Now that I knew more about Jan, she and I became closer, and when the opportunity felt right, I shared my condition with others, such as Ann, a woman who had fought ovarian cancer and would take medication for the rest of her life. From this champion gardener, I learned how to grow romaine lettuce and string beans. My new friends made no apologies about their challenges, and their zest for life inspired me to contribute to our community on a deeper level. At their invitation, I began attending monthly meetings of the Quaker Ladies, a small group of women in their seventies and eighties who led community service projects for Science Hill.

Still, not everyone knew about my affliction. At our March meeting, I chatted with Margaret and Joyce, two ladies who sat at my end of the table. We all still wore masks, and out of safety, we brought our own lunches rather than our usual potluck. Yet the chatter seemed bubblier than ever. In their early eighties, many of the women had already been fully vaccinated. “You’re not eligible yet, are you?” asked Joyce.

Before my first confession to Jan, I might have hesitated to be honest. But this disclosure paved the way, and I piped up immediately. “Actually, I had my first shot last week,” I said proudly. “I’ll get my second on April 11.”

At these words, a hush fell over our side of the table, and even in masks, I saw an eyebrow or two rise up out of surprise. Then I explained that I qualified early for the vaccine because of my M.S. “Good for you,” said Joyce. “All right!” declared Margaret. Their reaction and the connection I felt with these matriarchs made me wish I’d shared my illness earlier. Ironically, my fear of the coronavirus was tempered by the freedom it gave me. For once, I felt like one of the crowd.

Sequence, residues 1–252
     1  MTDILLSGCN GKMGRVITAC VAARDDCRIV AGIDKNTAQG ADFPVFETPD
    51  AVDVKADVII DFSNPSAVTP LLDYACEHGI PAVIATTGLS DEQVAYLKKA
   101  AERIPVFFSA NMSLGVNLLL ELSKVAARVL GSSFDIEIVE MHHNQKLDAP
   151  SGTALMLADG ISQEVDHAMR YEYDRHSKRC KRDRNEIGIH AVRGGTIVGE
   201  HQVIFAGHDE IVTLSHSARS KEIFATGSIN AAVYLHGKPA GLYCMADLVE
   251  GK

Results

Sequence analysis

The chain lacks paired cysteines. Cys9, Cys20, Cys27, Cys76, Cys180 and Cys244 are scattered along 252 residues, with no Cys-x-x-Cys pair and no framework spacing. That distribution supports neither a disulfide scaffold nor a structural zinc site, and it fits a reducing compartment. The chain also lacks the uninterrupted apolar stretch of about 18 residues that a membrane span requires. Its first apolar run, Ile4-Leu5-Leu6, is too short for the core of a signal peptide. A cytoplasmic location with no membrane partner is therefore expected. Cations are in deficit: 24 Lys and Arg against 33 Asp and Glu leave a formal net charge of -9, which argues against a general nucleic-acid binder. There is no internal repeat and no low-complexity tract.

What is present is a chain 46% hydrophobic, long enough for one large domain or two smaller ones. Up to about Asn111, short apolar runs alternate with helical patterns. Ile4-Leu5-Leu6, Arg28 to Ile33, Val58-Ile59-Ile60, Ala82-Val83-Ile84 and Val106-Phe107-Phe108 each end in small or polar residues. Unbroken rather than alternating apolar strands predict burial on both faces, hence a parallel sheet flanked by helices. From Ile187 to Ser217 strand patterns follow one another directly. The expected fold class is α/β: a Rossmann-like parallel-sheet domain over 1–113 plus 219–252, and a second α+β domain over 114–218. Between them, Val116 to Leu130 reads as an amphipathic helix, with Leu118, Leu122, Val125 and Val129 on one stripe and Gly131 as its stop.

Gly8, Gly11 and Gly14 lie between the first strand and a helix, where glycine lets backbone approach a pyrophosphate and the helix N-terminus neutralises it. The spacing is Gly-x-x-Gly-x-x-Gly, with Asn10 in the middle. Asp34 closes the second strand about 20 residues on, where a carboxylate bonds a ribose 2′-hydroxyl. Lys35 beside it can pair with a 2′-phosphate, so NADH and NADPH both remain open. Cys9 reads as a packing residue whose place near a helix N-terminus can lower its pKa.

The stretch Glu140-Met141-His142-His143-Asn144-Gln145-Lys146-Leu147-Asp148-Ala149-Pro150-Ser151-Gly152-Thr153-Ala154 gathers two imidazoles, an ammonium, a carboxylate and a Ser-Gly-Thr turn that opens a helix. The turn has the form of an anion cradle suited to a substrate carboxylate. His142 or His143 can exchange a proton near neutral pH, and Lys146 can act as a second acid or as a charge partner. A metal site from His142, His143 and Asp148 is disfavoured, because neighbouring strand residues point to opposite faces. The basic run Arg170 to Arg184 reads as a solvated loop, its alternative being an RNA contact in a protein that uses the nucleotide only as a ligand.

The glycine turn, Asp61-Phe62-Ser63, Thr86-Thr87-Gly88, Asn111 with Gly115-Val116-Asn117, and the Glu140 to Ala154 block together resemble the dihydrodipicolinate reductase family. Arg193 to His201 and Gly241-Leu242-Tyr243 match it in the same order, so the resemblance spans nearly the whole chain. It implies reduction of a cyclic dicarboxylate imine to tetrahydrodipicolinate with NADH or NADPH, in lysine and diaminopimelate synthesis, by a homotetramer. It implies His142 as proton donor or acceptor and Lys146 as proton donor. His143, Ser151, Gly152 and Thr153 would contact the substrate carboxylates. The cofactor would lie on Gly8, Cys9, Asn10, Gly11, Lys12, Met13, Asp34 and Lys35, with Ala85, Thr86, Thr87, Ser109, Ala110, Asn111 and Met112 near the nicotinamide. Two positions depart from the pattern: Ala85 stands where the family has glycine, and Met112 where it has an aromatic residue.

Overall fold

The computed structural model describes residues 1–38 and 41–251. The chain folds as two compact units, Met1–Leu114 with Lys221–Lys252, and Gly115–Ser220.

New confidence about sharing my malady helped me find the words to speak to younger people as well. After church last Sunday, I reminisced with Jan about how far I’ve come, and Peyton, an eleven-year-old boy and one of my favorite youngsters, approached us and listened intently. “What is M.S.?” he asked, as I walked away. “It’s a disease of the nervous system,” I explained. “It means that sometimes the signal to my brain doesn’t always reach my leg and I stumble.”

“Oh,” he simply said. His reaction was as casual as if I’d admitted to having a common

cold. “You know what?” He held a hand over his head and laughed. “I’m almost as tall as you!” I chuckled too, amazed at how children often take in stride so easily the things that adults worry about.

I didn’t think Jan had overheard my words with Peyton but that very night she sent me an email. She had indeed recognized another major leap for me. Her subject line read: “Time for lemon bars again!”

For years, I thought my stoicism made me stronger, but now I realize that being honest helped me connect more deeply with the people in my life. It enhanced my empathy and cured my shame.


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Ashley Memory’s writing has recently appeared in The Sun, O. Henry magazine, and Solstice Literary Magazine, which named her essay “Of Needles and Kindness: My Filigree Heart” a finalist in the 2020 Michael Steinberg Nonfiction Contest. She is currently at work on a memoir of her journey with M.S.